Dying Ducks, and an Unknown Disease

If you have ever been to Cape Cod, Massachusetts, you have probably noticed the beautiful scenery that surrounds you. Filled with wildlife, beautiful landscapes, and pristine beaches, Cape Cod National seashore is home to many unique species of animals which call the cape home during different parts of the year. However, like many other wildlife species, there are diseases that infect these populations, one of which is currently harming the Common Eider, a species of duck that spends the winter in Cape Cod.

The disease currently harming the Eider population is a new variation of Quaranjavirus called Wellfleet Bay virus (WFBV), which is similar to influenza. Although not much is known about the WFBV, a study done by Ballard et al. in 2017 has helped to paint a better picture of the presence of antibodies in local bird species that have been exposed to WFBV in the Cape Cod and Nova Scotia area. Unlike the other members of the Orthomyxoviridae  family, WFBV is a new form of the disease that is still not widely understood. After study, it has previously been postulated by Andrew Allison, of the Baker Institute of Animal Health, that the viral characteristics, specifically the surface protein, are evident of a tick borne disease.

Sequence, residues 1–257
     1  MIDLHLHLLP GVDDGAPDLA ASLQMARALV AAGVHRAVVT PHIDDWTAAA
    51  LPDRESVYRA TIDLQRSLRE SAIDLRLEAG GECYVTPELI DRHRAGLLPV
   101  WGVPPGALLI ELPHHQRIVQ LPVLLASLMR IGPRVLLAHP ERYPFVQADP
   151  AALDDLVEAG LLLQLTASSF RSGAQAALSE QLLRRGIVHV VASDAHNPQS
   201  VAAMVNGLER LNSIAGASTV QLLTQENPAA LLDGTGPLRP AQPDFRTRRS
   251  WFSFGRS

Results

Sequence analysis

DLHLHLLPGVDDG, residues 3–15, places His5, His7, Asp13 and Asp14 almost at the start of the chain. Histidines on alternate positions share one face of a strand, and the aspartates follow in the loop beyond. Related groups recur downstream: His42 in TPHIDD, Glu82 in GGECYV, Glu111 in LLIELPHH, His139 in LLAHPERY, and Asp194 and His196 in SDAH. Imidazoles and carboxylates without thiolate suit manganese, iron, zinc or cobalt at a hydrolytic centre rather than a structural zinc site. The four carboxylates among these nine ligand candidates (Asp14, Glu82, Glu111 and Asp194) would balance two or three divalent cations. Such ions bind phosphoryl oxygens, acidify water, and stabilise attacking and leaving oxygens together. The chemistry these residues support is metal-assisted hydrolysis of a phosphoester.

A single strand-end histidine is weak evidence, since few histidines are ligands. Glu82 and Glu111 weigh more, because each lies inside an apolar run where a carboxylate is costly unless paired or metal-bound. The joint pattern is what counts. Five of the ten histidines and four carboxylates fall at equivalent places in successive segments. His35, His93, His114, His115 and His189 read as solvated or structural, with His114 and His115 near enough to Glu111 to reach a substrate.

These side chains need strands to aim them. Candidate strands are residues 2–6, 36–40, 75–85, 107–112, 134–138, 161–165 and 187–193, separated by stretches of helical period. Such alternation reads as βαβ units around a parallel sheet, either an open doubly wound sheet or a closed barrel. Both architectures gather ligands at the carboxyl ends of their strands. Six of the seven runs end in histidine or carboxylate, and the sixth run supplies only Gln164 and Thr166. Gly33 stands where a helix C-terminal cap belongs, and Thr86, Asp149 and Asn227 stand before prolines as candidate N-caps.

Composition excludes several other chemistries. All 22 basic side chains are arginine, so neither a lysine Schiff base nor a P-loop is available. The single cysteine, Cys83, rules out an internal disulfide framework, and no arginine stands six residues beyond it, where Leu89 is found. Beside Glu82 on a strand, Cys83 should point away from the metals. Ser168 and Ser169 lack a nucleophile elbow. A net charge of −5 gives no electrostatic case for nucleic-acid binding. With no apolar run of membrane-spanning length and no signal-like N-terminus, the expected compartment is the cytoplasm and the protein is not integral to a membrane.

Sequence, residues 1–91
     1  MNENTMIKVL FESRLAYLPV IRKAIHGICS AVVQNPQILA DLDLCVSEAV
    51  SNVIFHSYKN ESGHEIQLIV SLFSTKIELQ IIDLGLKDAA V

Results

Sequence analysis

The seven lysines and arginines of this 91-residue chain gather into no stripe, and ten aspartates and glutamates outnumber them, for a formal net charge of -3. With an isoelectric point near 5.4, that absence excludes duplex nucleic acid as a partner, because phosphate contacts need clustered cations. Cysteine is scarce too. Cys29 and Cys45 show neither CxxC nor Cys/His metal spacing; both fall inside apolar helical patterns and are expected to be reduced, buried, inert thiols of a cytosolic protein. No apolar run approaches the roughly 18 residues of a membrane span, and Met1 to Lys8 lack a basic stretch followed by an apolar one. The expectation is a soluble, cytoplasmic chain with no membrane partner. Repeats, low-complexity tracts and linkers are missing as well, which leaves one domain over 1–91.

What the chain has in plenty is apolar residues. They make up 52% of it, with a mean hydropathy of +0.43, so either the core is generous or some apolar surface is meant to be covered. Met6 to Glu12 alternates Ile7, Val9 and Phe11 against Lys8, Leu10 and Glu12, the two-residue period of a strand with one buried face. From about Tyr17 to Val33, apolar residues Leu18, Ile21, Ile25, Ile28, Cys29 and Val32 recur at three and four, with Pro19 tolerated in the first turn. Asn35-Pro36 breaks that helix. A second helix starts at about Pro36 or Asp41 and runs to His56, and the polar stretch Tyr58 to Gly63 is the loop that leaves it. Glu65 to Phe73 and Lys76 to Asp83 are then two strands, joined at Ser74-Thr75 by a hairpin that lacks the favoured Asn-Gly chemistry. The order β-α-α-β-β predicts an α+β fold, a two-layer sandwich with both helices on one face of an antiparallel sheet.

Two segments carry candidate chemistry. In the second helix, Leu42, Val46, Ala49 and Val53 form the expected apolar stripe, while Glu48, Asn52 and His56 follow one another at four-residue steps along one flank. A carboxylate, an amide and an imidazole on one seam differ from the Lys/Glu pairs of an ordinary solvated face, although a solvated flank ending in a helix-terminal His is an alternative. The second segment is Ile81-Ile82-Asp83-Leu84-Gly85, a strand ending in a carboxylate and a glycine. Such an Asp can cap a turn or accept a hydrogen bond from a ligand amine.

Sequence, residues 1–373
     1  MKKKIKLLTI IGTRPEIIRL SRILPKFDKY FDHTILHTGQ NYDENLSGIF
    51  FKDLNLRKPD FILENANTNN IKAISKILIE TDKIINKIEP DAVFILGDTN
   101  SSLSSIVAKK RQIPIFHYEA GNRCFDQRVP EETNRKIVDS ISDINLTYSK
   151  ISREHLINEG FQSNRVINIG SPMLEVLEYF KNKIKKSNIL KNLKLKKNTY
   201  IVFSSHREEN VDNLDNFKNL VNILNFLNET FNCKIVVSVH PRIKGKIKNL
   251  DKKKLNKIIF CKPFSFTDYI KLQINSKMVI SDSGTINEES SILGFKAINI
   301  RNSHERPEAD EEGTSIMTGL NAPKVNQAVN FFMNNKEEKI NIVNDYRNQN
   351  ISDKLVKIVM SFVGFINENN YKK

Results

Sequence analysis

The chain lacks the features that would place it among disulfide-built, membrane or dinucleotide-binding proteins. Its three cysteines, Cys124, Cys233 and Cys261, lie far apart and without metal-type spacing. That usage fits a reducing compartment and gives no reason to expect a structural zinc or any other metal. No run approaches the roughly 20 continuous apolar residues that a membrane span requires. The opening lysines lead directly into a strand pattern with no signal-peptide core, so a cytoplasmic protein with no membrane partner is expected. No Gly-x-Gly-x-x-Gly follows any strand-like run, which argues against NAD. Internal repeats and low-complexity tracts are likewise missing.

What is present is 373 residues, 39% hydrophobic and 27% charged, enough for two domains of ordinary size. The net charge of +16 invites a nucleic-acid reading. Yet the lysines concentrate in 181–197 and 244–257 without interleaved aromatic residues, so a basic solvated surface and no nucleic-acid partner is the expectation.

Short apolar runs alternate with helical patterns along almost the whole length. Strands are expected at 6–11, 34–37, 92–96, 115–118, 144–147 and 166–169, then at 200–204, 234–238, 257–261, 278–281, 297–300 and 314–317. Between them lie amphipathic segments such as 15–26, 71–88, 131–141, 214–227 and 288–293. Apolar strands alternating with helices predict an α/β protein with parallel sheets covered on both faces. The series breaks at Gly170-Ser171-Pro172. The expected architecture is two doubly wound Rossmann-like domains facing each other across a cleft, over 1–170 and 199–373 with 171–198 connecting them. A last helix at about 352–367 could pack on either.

During their study on the disease characteristics of WFBV, Ballard et al. has determined that some local Cape Cod waterfowl have antibodies to WFBV present in their bodies, suggesting that WFBV has been transmitted during the winter season. However, even though antibodies have been detected in other waterfowl species, the common eider is the only bird that has been found to have the virus infecting it; the other local species are not thought to be disease reservoirs either.

Despite the presence of antibodies in Herring Gulls, Ring-billed gulls, Black Scoters, and White-winged Scoters, there have been some cases of the spread of WFBV from eider carcasses to these gull species. In multiple instances of dead WFBV contaminated eiders, there have been cases along the New Jersey coast, where Herring Gulls are known to consume the carcasses of dead, infected eiders, which may lead to disease transmission, but has not been located in any Herring Gull population.

In their conclusion, Ballard et al. stated that they were not expecting to discover that there were as many possible hosts for WFBV, as evident from collection of antibodies from multiple waterfowl species. The fate of the Common Eiders of the North Eastern coast is still up in the air, and may prove to be dark. However, more studies on this new emerging disease are being conducted in regards to the neighboring populations of the Eiders in Cape Cod, in order to better understand WFBV, and determine how it can be handled.

Sources:

(Ballard et al.) http://www.jwildlifedis.org/doi/pdf/10.7589/2016-10-237?code=wdas-site

(Allison) http://news.cornell.edu/stories/2014/12/virus-causing-mass-cape-cod-duck-die-offs-identified

(Background on WFBV) https://en.wikipedia.org/wiki/Quaranjavirus

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